Steven Munger is director of the Center for Smell and Taste, professor of pharmacology and therapeutics and editor-in-chief of the scientific journal Chemical Senses. In the Munger Lab, they are working to understand how diverse chemosensory transduction mechanisms, including different taste and olfactory receptors, contribute to chemosensory function, impact ingestive and social behaviors, and interact with hormonal systems that regulate metabolism, nutrient response and homeostasis.
Areas of Expertise (4)
Smell and Taste Disorders
Media Appearances (1)
Why lost sense of smell from COVID-19 is a serious threat to patients' quality of life
USA Today online
One of the most common, yet remarkable, symptoms of COVID-19 is the sudden loss of smell. Roses are no longer fragrant. Coffee tastes like bitter water, bread like cardboard. You don’t notice the burning roast until the kitchen fills with smoke. Although most patients recover their ability to smell in days or weeks, for a significant number of people this loss may be long-term, or even permanent. Unfortunately, we currently lack effective therapies, let alone cures, for smell disorders.
More Than Smell—COVID-19 Is Associated With Severe Impairment of Smell, Taste, and ChemesthesisChemical Senses
Valentina Parma, et al.
Recent anecdotal and scientific reports have provided evidence of a link between COVID-19 and chemosensory impairments, such as anosmia. However, these reports have downplayed or failed to distinguish potential effects on taste, ignored chemesthesis, and generally lacked quantitative measurements.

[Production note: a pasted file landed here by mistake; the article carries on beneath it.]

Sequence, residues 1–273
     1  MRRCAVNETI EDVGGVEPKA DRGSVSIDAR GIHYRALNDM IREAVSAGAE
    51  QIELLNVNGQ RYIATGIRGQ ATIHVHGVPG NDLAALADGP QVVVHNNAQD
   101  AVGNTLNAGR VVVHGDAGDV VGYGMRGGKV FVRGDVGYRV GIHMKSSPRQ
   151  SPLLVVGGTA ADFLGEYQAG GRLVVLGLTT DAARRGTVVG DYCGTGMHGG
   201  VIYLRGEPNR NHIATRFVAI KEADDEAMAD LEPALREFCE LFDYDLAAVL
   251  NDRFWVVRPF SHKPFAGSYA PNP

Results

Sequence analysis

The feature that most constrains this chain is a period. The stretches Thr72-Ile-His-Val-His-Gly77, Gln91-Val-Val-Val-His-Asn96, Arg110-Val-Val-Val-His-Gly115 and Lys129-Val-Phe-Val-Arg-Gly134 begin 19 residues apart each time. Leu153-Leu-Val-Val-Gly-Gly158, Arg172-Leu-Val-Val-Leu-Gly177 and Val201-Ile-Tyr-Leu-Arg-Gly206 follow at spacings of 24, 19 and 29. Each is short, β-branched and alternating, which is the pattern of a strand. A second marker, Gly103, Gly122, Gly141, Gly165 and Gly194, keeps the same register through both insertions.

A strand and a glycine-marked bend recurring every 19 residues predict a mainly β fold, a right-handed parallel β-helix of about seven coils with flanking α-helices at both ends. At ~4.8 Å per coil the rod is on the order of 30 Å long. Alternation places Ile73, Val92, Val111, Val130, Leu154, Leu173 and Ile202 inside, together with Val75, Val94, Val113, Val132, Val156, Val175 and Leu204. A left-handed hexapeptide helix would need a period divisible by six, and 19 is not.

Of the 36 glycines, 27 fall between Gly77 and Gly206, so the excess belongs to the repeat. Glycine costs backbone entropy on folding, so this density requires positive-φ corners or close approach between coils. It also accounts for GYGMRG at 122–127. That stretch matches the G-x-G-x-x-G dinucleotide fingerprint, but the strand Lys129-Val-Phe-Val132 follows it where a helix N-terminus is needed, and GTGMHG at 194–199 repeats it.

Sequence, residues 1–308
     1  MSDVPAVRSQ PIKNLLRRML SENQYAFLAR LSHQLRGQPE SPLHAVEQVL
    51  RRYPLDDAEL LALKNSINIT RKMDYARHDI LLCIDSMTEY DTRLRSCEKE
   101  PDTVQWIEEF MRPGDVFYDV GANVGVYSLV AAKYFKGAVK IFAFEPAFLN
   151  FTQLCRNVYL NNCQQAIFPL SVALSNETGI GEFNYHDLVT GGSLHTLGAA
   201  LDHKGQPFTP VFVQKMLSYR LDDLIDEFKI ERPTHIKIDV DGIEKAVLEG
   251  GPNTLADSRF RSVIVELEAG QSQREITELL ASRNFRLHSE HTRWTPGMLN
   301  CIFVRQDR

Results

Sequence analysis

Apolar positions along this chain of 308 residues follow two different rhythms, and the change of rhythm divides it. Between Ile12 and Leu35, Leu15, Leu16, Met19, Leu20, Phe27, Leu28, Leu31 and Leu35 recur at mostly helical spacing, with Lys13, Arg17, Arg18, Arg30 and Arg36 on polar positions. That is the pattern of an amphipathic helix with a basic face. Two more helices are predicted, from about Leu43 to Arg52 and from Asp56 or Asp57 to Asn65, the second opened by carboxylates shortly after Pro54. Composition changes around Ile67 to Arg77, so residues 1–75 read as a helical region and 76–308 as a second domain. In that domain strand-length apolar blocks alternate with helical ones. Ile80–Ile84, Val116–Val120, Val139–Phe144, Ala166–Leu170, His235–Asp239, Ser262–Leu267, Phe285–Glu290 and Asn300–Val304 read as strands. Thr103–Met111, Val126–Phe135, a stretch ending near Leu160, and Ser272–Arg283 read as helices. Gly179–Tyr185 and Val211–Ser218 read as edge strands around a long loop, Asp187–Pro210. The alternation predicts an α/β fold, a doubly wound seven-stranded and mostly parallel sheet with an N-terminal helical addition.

Olfactory subsystems associated with the necklace glomeruli in rodentsCell and Tissue Research
Arthur D. Zimmerman and Steven D. Munger
The necklace glomeruli are a loosely defined group of glomeruli encircling the caudal main olfactory bulb in rodents. Initially defined by the expression of various immunohistochemical markers, they are now better understood in the context of the specialized chemosensory neurons of the main olfactory epithelium and Grueneberg ganglion that innervate them.
Recent Smell Loss Is the Best Predictor of COVID-19 Among Individuals With Recent Respiratory SymptomsChemical Senses
Richard C. Gerkin, et al.
In a preregistered, cross-sectional study, we investigated whether olfactory loss is a reliable predictor of COVID-19 using a crowdsourced questionnaire in 23 languages to assess symptoms in individuals self-reporting recent respiratory illness. We quantified changes in chemosensory abilities during the course of the respiratory illness using 0-100 visual analog scales (VAS) for participants reporting a positive (C19+; n = 4148) or negative (C19-; n = 546) COVID-19 laboratory test outcome.